This is a County Court case (if there is such a thing any more, I have largely decided to ignore most of the Children and Families Act 2014 and just wait for the reboot restoring all the terminology to the way it was). So it isn’t precedent, and isn’t one of those case that you HAVE to read.
It is unusual though, and I am grateful to one of my readers (waves at Cara) for drawing it to my attention.
Re E (a child) 2014
This is a private law case, albeit one with a Social Services flavour. In effect, when mum and dad separated and got themselves embroiled in an argument about contact (see, I told you that I was just going to ignore the new terminology) dad started to become enamoured with the idea that if he could show the Court that mum was abusing the children…
View original post 1,544 more words
The Appeal in Q (Children) 2014
Grumblings that the Judge was biased are fairly commonplace, complaints that the Judge was biased get made from time to time – appeals on the point are pretty rare and successful appeals rarer still. Q is one of the latter, and as such a rare breed is worthy of some consideration.
- The case concerns two boys, W, born 12th January 2003 and therefore now aged 11 years, and R, born 9th August 2012 and therefore now aged 21 months. Proceedings with respect to the children commenced nearly two years ago and comprised, for the first three months, a private law dispute between the two parents. However, the local authority then issued care proceedings and it was in those proceedings that HHJ Tyzack undertook an extended fact finding process involving some 13 days of evidence between July and November 2013 and culminating…
View original post 6,883 more words
Here are today’s new stories which we feel are news worthy:
- MoD Faces Legal Fight Over Recruitment of Child Soldiers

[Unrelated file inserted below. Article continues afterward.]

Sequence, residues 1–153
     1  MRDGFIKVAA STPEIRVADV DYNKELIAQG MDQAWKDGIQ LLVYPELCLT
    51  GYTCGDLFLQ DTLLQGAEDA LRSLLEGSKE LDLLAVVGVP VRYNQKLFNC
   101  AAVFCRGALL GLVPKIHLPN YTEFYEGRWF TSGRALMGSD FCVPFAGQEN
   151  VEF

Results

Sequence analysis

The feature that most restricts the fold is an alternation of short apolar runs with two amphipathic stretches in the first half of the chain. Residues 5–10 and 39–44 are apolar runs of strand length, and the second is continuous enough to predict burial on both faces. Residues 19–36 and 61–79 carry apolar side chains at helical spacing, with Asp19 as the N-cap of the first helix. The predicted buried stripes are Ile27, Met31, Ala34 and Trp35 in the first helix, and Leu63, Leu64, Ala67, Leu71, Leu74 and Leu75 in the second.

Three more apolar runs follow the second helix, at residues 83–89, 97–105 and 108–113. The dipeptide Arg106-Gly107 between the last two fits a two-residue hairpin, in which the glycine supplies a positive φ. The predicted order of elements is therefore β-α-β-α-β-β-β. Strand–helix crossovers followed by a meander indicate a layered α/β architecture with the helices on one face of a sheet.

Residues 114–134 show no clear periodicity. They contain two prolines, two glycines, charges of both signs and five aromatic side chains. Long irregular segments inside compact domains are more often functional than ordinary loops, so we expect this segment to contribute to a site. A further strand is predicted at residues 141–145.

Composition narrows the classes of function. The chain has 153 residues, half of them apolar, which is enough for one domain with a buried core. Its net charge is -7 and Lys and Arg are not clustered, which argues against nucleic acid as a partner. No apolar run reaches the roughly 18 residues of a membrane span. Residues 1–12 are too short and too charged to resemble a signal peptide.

- Rise in “Witchcraft” Child Abuse Cases
- Rotherham Scandal has Caused Outrage, But Little Action
Great idea. I like xx
What happens when fashion and female safety combine? It might sound like a funny headline, but if this nail polish company can pull this product off (no icky nail pun intended – ok, maybe a little), then this new invention may just revolutionise 21st century socialising.
Undercover Color was started by four undergraduate students at North Carolina State university. The men are working on creating a new nail polish that will be able to detect the presence of date rape drugs like Rohypnol and GHB in your drink.
The idea is simple: slick on the nail polish before you go out and once you’re at a party or function and you’ve got a glass in hand, just stir your drink with your finger. If your nail polish changes colour, your drink’s been spiked.
Whilst the idea is still in the R&D phase, their fundraising efforts have been rather successful. They’ve just managed…
View original post 84 more words
Another great post xx
There’s an excellent piece of investigative work by Community Care about the escalation in the number of Deprivation of Liberty cases since the Supreme Court made a substantial change to the law in Cheshire West.
If you have a chance to read the full thing, I heartily recommend it. (the remainder of this article is my extraction and citation of what I considered to be the main issues)
Half of Deprivation of Liberty Safeguards (Dols) cases are breaching legal timescales for completion after a landmark Supreme Court ruling in March triggered a nine-fold rise in monthly referrals to councils, a Community Care investigation has found
In 2013-14 councils received 8,455 requests for Dols assessments; since April this year they’ve already had 32,988 referrals. The figures mean average monthly referrals have risen from 713 in 2013-14 to 6,643 in 2014-15. The effect of the dramatic rise in cases is…
View original post 668 more words
Good one xx
I’ve been eagerly awaiting this judgment. This is part 2 of the case involving the Queen’s Proctor and an alleged systematic fraudulent obtaining of 180 divorces (some decree nisis, some decree absolutes)
I wrote about part one here http://suesspiciousminds.com/2014/05/09/the-pages-of-the-most-extravagant-french-novel/
That judgment was all about whether the Press could report what had been going on, because there are historic statutes aimed at preserving the decency of Victorian breakfast tables stopping the Press reporting the details of divorce cases (they can report the financial settlements, but not the divorce itself).
The President did one of his very clever conjuring tricks to resolve that and allow the case to be reported.
Part 2 is about whether there had been this systematic fraud. According to the case, the allegation is that many divorce petitions were lodged, all using the same address in Maidenhead for the petitioner, as a means of allowing the divorce…
View original post 5,111 more words